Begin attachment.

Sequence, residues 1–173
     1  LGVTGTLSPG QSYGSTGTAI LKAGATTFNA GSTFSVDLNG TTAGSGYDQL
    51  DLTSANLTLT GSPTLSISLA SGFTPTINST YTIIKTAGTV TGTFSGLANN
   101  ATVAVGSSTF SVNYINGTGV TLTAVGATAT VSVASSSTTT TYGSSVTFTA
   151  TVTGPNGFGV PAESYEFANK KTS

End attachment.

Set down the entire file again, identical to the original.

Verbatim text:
Sequence, residues 1–173
     1  LGVTGTLSPG QSYGSTGTAI LKAGATTFNA GSTFSVDLNG TTAGSGYDQL
    51  DLTSANLTLT GSPTLSISLA SGFTPTINST YTIIKTAGTV TGTFSGLANN
   101  ATVAVGSSTF SVNYINGTGV TLTAVGATAT VSVASSSTTT TYGSSVTFTA
   151  TVTGPNGFGV PAESYEFANK KTS